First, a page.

Review By Liam O Brien, 5 out of 5

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Imagine for a moment that you are, for some unknown and convoluted reason back in the past, stuck in 1968. Now imagine you are legendary producer Albert R ?ubby?Broccoli, the man who got the James Bond films on the screen and made a star out of a young Sean Connery. Now, imagine this: Connery, the icon of the sixties, the man who, to the main bulk of the cinema going world is James Bond, has just decided that after five amazingly successful OO7 blockbusters to throw in the licence to kill and try other things. What do you do? Panic? Beg? Cry and/or yell? Well, if the answer was yes to any of those was yes, then you would not make a Broccoli for today. For what Cubby and his producing partner Harry Saltzman was hire an unknown Australian male model- the name? Lazenby. George Lazenby.

On Her Majesty? Secret Service is, to most people an anomaly, an accident, a film that does not really belong to the Bond canon. The reasons for this are wide, varied, and interesting. The most obvious difference is the presence of Lazenby in the role of Bond. The Australian had had little or no acting experience, and had pretty much blagged his way into the role by means of dressing up at the same Saville Row shop Connery frequented, and ?ccidentally?bumping into producer Broccoli in a hairdressers one day. After (in much competition and speculation) winning the coveted role, the story comes together.

Richard Maibaum, long time Bond script writer decided one day, sitting at his type writer, that he didn? like the way the Bond films were going, didn? like the new found reliance of gadgetry and spectacle. So, he read Ian Fleming? OHMSS, which is a taut, tragic, exciting and well-plotted thriller. And then, he wrote the screenplay for the film OHMSS, which turned out to be a taut, tragic, exciting and well-plotted thriller.

This is for any number of reasons. There are no laser beam watches or Aston Martin cars loaded to the cogs with guns and rockets or jetpacks to get Bond out of a spot of bother this time. Only wits, and a gritty determination to live- witness the scene where Bond climbs along a cable car line, using his torn out pockets as grips. The other key differences which make this different to the Connery Bond?, apart from the above, is the cast, the awesome Bond girl, the grandiose music score, and the direction, all of which is the best of any Bond film to date.

To start, the cast is filled with interesting and exotic key players- Bernard Lee? original M, Lois Maxwell? Moneypenny and Desmond Llewelyn? Q all make the customary appearances; Gabrielle Ferzetti? loveable rouge crime boss Draco and Telly Savalas? Ernst Stavro Blofeld are both brilliant- but there is one other (apart from Lazenby? excellently real Bond) who needs to be mentioned. The Avenger? girl, Diana Rigg, known to so many as John Steed? counterpart Emma Peel plays Contessa Tracy De Vicenso- the only woman OO7 has ever truly loved.

The scenes in which her and Lazenby interact are highlights of this film. As their love grows, so does the story, and the emotion behind their affair. Tracy is a brilliant character- not a spy, not a double agent- but herself- a woman, but a woman with a heart, a real personality and life to her. The whole film is brilliant- so much better that what came after. That is in no way to say that the other 19 Bond thrillers are bad films, that? not the point at all. Die Another Day is a brilliant spectacle, a Bond wholly appropriate for todays world. But OHMSS is a true classic, it has plot, drama, tension, intrigue- all tinted (as this is a sf site!) with science fiction (Blofeld plans to hold the world to ransom with bacteriological warfare).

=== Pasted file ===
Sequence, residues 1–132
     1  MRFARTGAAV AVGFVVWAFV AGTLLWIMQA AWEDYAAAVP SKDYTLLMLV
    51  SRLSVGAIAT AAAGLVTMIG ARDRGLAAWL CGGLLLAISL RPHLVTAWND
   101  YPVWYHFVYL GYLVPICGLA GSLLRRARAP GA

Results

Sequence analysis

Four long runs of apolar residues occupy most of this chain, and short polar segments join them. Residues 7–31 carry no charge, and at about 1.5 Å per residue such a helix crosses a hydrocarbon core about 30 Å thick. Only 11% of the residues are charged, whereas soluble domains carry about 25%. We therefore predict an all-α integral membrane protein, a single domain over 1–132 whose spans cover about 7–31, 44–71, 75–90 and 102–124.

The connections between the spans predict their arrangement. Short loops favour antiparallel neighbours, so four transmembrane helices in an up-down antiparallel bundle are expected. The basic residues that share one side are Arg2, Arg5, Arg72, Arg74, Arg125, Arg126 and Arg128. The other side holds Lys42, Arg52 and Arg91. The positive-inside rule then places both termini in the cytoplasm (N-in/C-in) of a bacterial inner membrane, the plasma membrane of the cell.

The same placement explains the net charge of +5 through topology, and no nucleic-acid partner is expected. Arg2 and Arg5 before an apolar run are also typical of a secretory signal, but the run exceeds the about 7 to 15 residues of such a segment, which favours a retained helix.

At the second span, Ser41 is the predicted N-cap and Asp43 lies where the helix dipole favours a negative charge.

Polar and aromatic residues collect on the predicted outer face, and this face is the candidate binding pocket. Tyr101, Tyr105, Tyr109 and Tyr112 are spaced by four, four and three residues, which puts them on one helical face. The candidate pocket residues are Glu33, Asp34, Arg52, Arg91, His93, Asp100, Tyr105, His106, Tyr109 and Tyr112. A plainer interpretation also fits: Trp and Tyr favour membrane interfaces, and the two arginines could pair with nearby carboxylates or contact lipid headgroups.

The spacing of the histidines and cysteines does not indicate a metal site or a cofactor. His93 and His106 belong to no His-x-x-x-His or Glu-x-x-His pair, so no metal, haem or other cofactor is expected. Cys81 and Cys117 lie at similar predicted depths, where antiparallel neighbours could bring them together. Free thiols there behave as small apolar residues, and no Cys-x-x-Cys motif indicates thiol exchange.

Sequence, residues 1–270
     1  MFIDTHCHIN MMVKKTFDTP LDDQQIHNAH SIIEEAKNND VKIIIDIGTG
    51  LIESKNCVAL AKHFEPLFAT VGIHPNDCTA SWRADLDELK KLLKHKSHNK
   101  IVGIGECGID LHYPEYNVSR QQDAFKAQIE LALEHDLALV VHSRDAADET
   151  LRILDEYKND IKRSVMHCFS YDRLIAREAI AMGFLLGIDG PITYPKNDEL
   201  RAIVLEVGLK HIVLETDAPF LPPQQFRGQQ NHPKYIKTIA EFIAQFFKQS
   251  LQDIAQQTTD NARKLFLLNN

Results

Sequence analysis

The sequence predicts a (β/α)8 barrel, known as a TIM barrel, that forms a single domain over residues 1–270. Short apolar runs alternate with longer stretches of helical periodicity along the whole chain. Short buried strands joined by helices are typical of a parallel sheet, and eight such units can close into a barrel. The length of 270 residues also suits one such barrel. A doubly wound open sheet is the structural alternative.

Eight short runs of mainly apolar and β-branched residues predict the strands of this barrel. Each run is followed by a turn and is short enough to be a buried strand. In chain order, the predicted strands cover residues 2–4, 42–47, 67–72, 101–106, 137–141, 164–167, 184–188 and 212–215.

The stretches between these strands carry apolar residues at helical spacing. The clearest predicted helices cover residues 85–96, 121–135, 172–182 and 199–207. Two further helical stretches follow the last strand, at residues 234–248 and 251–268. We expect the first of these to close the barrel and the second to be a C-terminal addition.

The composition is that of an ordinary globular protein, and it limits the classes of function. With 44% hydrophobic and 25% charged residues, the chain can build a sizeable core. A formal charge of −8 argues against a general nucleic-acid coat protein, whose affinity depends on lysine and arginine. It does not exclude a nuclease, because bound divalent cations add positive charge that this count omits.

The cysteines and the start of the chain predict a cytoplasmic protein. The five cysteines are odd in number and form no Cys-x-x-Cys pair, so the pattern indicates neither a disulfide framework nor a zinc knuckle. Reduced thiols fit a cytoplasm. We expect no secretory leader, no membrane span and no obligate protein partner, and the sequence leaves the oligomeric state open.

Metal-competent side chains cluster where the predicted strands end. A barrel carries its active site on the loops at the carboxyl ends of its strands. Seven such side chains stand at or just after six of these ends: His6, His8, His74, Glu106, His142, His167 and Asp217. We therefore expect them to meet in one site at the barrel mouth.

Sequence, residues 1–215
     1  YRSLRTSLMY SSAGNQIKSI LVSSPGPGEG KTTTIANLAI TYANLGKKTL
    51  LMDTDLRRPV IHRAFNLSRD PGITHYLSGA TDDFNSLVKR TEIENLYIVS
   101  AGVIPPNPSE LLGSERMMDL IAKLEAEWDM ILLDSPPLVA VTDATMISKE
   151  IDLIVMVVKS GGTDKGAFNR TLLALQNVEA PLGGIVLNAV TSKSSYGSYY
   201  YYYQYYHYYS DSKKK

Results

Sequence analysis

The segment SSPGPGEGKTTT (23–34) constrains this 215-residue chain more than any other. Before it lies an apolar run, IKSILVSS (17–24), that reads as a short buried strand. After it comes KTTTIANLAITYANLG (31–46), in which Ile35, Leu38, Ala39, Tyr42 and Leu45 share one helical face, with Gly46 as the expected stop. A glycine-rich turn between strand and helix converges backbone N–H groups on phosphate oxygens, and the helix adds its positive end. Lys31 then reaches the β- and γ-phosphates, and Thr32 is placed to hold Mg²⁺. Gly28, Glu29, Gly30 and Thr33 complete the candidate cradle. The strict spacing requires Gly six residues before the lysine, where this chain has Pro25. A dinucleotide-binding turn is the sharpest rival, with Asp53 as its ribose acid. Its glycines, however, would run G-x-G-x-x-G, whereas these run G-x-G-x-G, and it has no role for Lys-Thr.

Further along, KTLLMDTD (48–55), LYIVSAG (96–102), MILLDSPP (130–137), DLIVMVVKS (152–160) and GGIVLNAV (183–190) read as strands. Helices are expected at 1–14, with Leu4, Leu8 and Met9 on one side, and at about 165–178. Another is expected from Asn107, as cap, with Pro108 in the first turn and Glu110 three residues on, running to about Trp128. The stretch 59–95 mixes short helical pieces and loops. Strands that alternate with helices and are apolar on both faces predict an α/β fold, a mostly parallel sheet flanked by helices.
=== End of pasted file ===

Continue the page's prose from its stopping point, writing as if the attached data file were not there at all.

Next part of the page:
The only false note is the villain? scheme- he wants not money, but recognition as a Count and to have an official pardon to all past crimes. Why would the UN say no to that relatively meagre threat than face a global catastrophe?! But this is nit picking.

On Her Majesty? Secret Service is the best Bond film- ever. John Barry? score (recognised by many as his best ever) hits you from the gun barrel sequence and does not stop. Peter Hunt, the director gives the film a warmth and energy, a sense of thrills and foreboding that all come together in the tragic, down beat finale?

And, all told, after what has come before (a terrific pre-credits fight on a beach, a tense safe cracking sequence, a ski chase to die for, a final attack on the villains Swiss alp base and the following bob sled led fight scene) the ending of this film is the key difference. The Bond formula is that OO7 always saves the main girl- right?

Not this time. Everybody knows, following on from Bond and Tracy? marriage that the relationship is about to be cut short. But this does not make you, as much as you think you are, prepared for the scene where Bond, who has just come under-fire from a Blofeld driven car, storms into his car to give chase. Cue a crushing camera shot, of a single bullet hole in the windscreen, blood pouring from Mrs Bond? fore head. And that? it. Bond, cradling his slain love in his arms mutters the top quote to a stunned traffic policeman, before (in a scene in which Lazenby acts and pulls it off with aplomb) Bond breaks down, with only the memories of a love now well, and truly, lost.

ANY GOOD: Tragic, brilliant, exciting- all these words can be applied to OHMSS. You will notice that I haven? mentioned the dvd extras. There are some, very good ones too, but the strength of the film is enough that the extras are merely an added bonus. That should tell you all you need to know. Lazenby, in his one film, sticks in the memory forever, as does Riggs Bond Girl- and of course, the final, horrifying reel that will NEVER leave you. A must see, must buy film, get it now, and see what makes James Bond films so great.

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